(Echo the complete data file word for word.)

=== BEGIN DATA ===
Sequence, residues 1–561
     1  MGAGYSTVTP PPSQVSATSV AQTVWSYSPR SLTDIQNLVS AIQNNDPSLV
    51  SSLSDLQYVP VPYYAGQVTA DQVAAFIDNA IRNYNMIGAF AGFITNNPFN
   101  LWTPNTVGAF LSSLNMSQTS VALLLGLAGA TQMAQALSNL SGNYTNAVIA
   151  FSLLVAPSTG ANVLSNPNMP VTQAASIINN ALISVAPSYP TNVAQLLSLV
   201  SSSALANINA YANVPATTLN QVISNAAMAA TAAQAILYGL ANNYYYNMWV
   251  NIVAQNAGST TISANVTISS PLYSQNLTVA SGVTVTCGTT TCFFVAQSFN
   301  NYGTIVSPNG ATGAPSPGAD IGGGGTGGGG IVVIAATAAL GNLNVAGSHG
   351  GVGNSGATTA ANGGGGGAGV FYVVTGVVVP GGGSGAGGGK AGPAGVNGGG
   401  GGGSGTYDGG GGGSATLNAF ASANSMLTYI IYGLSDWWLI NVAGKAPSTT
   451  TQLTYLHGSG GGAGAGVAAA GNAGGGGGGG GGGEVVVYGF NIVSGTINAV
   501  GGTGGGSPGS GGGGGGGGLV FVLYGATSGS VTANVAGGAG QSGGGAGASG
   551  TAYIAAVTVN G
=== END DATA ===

Sequence, residues 1–561
     1  MGAGYSTVTP PPSQVSATSV AQTVWSYSPR SLTDIQNLVS AIQNNDPSLV
    51  SSLSDLQYVP VPYYAGQVTA DQVAAFIDNA IRNYNMIGAF AGFITNNPFN
   101  LWTPNTVGAF LSSLNMSQTS VALLLGLAGA TQMAQALSNL SGNYTNAVIA
   151  FSLLVAPSTG ANVLSNPNMP VTQAASIINN ALISVAPSYP TNVAQLLSLV
   201  SSSALANINA YANVPATTLN QVISNAAMAA TAAQAILYGL ANNYYYNMWV
   251  NIVAQNAGST TISANVTISS PLYSQNLTVA SGVTVTCGTT TCFFVAQSFN
   301  NYGTIVSPNG ATGAPSPGAD IGGGGTGGGG IVVIAATAAL GNLNVAGSHG
   351  GVGNSGATTA ANGGGGGAGV FYVVTGVVVP GGGSGAGGGK AGPAGVNGGG
   401  GGGSGTYDGG GGGSATLNAF ASANSMLTYI IYGLSDWWLI NVAGKAPSTT
   451  TQLTYLHGSG GGAGAGVAAA GNAGGGGGGG GGGEVVVYGF NIVSGTINAV
   501  GGTGGGSPGS GGGGGGGGLV FVLYGATSGS VTANVAGGAG QSGGGAGASG
   551  TAYIAAVTVN G